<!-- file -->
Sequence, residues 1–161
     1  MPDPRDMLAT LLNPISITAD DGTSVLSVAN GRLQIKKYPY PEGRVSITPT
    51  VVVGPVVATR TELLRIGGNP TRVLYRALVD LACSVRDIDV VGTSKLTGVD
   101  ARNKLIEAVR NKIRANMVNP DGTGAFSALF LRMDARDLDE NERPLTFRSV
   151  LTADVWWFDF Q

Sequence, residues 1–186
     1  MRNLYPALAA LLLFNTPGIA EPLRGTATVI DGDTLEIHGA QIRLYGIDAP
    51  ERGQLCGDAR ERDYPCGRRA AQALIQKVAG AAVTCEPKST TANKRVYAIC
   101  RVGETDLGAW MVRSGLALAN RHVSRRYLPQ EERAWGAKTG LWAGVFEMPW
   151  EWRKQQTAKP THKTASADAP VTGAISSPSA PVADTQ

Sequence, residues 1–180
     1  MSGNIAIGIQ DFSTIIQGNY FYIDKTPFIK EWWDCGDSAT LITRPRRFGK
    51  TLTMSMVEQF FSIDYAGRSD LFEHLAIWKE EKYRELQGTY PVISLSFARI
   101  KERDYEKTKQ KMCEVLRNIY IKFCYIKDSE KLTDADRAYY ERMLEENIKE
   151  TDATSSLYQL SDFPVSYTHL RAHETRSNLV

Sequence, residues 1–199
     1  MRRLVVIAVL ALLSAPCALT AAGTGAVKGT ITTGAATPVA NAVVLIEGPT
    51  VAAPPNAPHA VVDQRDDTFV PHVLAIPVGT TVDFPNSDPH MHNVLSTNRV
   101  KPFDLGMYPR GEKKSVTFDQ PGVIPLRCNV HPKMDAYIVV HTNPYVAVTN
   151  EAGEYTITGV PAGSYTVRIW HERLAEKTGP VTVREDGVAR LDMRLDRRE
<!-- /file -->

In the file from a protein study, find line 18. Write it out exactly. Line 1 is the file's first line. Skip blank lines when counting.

    51  VAAPPNAPHA VVDQRDDTFV PHVLAIPVGT TVDFPNSDPH MHNVLSTNRV